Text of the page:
Knowledge transfer sounds like a simple, natural act. After all, people have been sharing and transferring information to each other since they started walking the planet — and they’ve managed to make it this far.
However, a Google search on the topic produces about 30 million results, which indicates a lot of people are keen to know more. And many companies are struggling to do it not only effectively but also quickly.
The shift in workforce demographics in almost every industry has created a demand for transferring knowledge from older to younger workers at a rapid pace.
One of the reasons organizations are struggling is because much of the knowledge is fairly complex. Think about it: What do you need to know to build a trustful relationship with a new customer?
How about the knowledge it takes to perform a technical task, such as bringing a high-pressure well online after it has been shut off for a period of time? On closer inspection, much of what we need to know is not as routine or clear-cut as it may seem.
Another key challenge is people tend to hold on to their hard-earned knowledge. There are many reasons for this, some understandable, others not so much. Managing expectations and dealing with employee behaviour are some of the more difficult aspects of knowledge transfer.
To make things even more difficult, people with expertise often don’t know how they know what they know. As experts, they have developed ways to create and grow their knowledge through pattern recognition and through other complex neurological processes.
Because of this, they often require some help to draw out their knowledge in a way that others can make sense of it.
Traditional knowledge transfer methods, such as formal training, job rotation and transfer, mentoring and apprenticeship, deal effectively with many of these challenges. However, they are costly and time-consuming, and range in effectiveness depending on a person’s learning preferences, which is why companies have sought other ways to share and transfer their most critical knowledge.
Advances in knowledge management and collaboration tools and techniques have created a plethora of methods for knowledge transfer to choose from. Which method to use and when depends on the type of knowledge needed and the context for its application.
2 types of knowledge
There are two main types of knowledge that determine the methods used for transfer. One is explicit or specific knowledge. This is knowledge that can be readily articulated, codified, accessed and verbalized. It can move easily and quickly.
The other type is tacit knowledge or expertise. This is difficult to describe and document. Dialogue, stories and thoughtful elicitation are typically required to share and transfer this deeper knowledge.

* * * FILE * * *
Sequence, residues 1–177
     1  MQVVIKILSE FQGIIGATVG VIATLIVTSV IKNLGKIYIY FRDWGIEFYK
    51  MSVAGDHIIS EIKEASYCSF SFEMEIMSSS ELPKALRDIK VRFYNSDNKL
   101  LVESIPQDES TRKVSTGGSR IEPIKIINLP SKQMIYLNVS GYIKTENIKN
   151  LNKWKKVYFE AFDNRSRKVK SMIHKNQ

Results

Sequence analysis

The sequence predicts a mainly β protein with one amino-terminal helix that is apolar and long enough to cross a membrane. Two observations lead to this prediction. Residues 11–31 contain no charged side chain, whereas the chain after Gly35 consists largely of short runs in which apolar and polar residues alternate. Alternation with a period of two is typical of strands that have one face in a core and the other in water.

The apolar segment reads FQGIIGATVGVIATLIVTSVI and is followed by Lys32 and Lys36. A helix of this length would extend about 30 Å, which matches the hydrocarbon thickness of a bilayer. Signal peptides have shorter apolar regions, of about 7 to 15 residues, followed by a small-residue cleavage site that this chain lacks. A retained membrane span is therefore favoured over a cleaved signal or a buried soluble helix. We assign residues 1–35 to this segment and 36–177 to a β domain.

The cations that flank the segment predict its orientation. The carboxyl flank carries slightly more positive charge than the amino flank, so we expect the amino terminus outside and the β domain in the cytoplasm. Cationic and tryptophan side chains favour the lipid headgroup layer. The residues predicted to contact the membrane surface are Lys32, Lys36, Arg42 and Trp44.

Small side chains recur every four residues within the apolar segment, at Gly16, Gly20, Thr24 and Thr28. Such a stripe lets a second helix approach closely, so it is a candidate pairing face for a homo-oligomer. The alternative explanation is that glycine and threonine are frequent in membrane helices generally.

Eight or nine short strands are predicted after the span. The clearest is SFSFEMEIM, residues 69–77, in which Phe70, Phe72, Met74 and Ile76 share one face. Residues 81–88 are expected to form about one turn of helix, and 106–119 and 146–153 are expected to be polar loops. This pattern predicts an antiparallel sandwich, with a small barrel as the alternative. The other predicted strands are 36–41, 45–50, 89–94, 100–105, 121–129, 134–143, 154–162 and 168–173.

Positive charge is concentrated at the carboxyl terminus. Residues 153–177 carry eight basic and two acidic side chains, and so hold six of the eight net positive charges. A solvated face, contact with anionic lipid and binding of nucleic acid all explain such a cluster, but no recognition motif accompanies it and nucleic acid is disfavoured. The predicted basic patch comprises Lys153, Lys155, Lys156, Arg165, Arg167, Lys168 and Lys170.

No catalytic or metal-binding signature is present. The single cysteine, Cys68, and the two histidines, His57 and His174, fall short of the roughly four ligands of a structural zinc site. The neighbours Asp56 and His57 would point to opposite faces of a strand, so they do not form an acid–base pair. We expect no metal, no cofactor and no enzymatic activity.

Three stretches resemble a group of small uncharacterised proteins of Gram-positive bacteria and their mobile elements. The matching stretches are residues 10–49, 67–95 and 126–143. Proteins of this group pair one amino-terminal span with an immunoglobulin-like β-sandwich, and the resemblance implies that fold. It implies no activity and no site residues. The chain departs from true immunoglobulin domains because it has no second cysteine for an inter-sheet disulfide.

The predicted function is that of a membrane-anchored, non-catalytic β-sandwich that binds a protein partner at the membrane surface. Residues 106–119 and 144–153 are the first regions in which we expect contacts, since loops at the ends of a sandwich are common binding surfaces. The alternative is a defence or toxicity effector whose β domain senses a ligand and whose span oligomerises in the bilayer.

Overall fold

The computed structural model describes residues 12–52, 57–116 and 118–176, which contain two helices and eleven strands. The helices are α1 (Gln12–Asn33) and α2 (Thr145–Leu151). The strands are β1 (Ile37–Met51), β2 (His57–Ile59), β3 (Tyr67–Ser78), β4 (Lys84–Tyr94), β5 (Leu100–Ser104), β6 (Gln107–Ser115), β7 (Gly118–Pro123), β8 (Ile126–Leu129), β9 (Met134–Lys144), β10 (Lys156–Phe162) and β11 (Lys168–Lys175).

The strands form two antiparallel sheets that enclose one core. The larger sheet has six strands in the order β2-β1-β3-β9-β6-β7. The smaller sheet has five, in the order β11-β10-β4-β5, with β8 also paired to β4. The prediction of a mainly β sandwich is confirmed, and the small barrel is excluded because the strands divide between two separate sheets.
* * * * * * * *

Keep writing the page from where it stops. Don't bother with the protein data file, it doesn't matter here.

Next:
Therefore, it takes more time and effort to move it. When it comes to knowledge transfer, context is king.
The other critical factor when choosing a knowledge transfer method is the environment in which the knowledge was created and where it will be used. The pace and tempo of the operating environment, regulatory factors and changes and the culture of the organization play a major role in adapting knowledge to fit in different contexts.
An effective way to factor in context is for the receiver to describe the internal and external drivers relating to the work at hand, the culture and other local conditions where and when the knowledge will be applied.
A subtle, but highly impactful, consideration in knowledge transfer is how the receiver asks for knowledge.
Potential sources of knowledge are much more inclined to make the time to share and transfer what they know if the person asking for help does so in earnest, and is not just looking for someone else to do her work.
It is also helpful for sources to consider what is needed to make sense of the knowledge they want to transfer. Sense-making enables the receiver to adapt the knowledge to his situation.
Providing the following goes a long way to enable effective transfer:
Application: A description of the knowledge and how it came about through its application. This should include what was done, why it was done, where it works, when to use it and level of effort.
Impact: An explanation of how performance was impacted by the application of the knowledge, and why it made a difference.
Key learning or advice: A description of what was learned in, and from, the application of the knowledge. What’s the one thing that stands out that should be repeated the next time the knowledge is applied? What’s the advice for someone who wants to adopt the knowledge?
Contact information: The name of the source of the knowledge and how best to contact her.
Of course, providing this information via documentation or conversation takes time and effort from the source of the knowledge.
This creates a barrier in many organizations where the expectation is for people to “Get ‘er done.”
Unless people are being explicitly rewarded to transfer their knowledge, this will always be viewed as discretionary, non-critical work.
In these situations, a highly effective approach is facilitated knowledge transfer. This involves the help of an experienced knowledge management practitioner to elicit and harvest the knowledge from those who have it, and help move it to those who need it.
Regardless of the method or approach used to transfer knowledge, organizations need to decide upfront if it is worth the effort to do it right.
They need to commit to make the time to save the time they are likely already spending to re-learn or re-create the knowledge they already have.
Kent A. Greenes is a consultant and knowledge management expert at knowledge management firm Greenes Consulting, based in Green Valley, Ariz. For more information, please visit www.greenesconsulting.com.
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